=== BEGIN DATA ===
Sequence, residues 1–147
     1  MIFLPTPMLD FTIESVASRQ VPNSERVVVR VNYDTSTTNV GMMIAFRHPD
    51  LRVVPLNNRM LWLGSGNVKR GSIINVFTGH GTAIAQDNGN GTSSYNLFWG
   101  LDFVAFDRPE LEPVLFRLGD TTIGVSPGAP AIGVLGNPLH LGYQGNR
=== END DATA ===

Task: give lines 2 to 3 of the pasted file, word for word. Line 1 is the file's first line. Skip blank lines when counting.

     1  MIFLPTPMLD FTIESVASRQ VPNSERVVVR VNYDTSTTNV GMMIAFRHPD
    51  LRVVPLNNRM LWLGSGNVKR GSIINVFTGH GTAIAQDNGN GTSSYNLFWG